Background: Proximal humeral fractures are among common types of fractures and remain a challenging issue for surgical management. This study aimed to assess the clinical outcomes and complication rates of three- vs. four-part proximal humeral fractures, treated with internal fixation using the Philos® plate.
Material and Methods: In this cohort study, a total of 30 consecutive patients with three-part or four-part proximal humeral fractures based on the Neer classification were included. Surgical treatment was performed with open reduction and internal fixation using the Philos® plate. The constant score was evaluated 6 months later in follow-up. The P<0.05 was considered significant.
Results: Four-part fractures were mainly caused by trauma from above, while insults of opposite direction were responsible for more than half of 3 part fractures (P=0.01). Open fractures were only observed in patients with a four-part fracture (P=0.018). No significant differences were noticed regarding gender, cause, and side of the fracture.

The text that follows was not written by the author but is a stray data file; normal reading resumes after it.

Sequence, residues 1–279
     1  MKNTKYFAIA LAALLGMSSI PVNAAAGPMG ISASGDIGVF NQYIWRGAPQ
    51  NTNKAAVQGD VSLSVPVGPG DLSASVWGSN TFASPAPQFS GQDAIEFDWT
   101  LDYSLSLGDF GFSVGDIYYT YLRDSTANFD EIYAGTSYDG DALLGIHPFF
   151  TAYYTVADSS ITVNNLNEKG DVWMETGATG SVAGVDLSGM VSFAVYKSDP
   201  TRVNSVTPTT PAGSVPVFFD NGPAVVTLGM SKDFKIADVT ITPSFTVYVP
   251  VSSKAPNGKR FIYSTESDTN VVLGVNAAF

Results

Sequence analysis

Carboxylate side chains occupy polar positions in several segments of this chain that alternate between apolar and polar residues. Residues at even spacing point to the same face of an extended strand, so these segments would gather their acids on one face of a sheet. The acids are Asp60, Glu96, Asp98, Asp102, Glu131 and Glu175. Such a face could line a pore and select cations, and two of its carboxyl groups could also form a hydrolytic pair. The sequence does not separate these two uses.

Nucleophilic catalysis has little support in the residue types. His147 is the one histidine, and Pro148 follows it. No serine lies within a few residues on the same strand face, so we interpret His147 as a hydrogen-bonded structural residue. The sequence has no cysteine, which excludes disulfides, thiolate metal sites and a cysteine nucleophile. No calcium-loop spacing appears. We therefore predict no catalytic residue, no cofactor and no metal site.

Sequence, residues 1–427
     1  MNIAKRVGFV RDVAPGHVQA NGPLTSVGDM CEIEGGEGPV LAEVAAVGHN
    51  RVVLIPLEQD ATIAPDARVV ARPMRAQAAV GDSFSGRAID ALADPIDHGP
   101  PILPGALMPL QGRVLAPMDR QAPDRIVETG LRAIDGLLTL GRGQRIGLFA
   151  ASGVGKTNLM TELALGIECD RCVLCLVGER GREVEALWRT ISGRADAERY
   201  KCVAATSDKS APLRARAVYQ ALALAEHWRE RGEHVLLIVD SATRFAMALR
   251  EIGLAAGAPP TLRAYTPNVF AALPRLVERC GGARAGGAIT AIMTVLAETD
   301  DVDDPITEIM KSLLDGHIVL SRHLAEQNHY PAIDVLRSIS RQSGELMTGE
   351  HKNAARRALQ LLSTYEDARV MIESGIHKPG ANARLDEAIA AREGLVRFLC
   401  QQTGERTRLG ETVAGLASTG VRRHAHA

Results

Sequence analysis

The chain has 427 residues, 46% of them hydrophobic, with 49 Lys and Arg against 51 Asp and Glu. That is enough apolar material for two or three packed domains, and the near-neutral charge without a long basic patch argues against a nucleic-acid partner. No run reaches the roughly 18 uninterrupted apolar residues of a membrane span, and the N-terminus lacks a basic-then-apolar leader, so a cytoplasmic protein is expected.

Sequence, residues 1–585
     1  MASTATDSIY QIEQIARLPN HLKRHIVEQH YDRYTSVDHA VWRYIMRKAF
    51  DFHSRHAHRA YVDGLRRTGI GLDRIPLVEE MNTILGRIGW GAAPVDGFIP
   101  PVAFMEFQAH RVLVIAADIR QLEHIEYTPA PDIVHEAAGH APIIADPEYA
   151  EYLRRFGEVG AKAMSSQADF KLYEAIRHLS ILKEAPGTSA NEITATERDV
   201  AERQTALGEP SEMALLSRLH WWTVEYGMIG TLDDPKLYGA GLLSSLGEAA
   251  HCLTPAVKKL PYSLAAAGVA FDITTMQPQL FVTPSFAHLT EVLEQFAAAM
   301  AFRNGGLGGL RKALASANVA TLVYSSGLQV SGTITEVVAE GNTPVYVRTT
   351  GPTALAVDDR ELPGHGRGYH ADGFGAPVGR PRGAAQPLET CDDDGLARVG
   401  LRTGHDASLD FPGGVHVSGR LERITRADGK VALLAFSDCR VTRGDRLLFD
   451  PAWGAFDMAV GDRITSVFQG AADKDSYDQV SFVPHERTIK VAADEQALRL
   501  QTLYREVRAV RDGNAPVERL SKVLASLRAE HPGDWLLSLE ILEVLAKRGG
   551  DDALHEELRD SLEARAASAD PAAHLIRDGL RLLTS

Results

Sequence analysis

The presence of other fractures, fracture of the implant, reduction loss, avascular necrosis (AVN) of humerus head, rotator cuff injury, and revision surgery were significantly higher in patients with four-part fractures.
The mean constant score was 81.40±11.61 and 65.09±16.09 for three-part and four-part fractures, respectively (P=0.006).
Conclusion: Open reduction and internal fixation with Philos® plate yield acceptable results in both types of fractures, however, the prognosis of this intervention is poorer four-part fractures.
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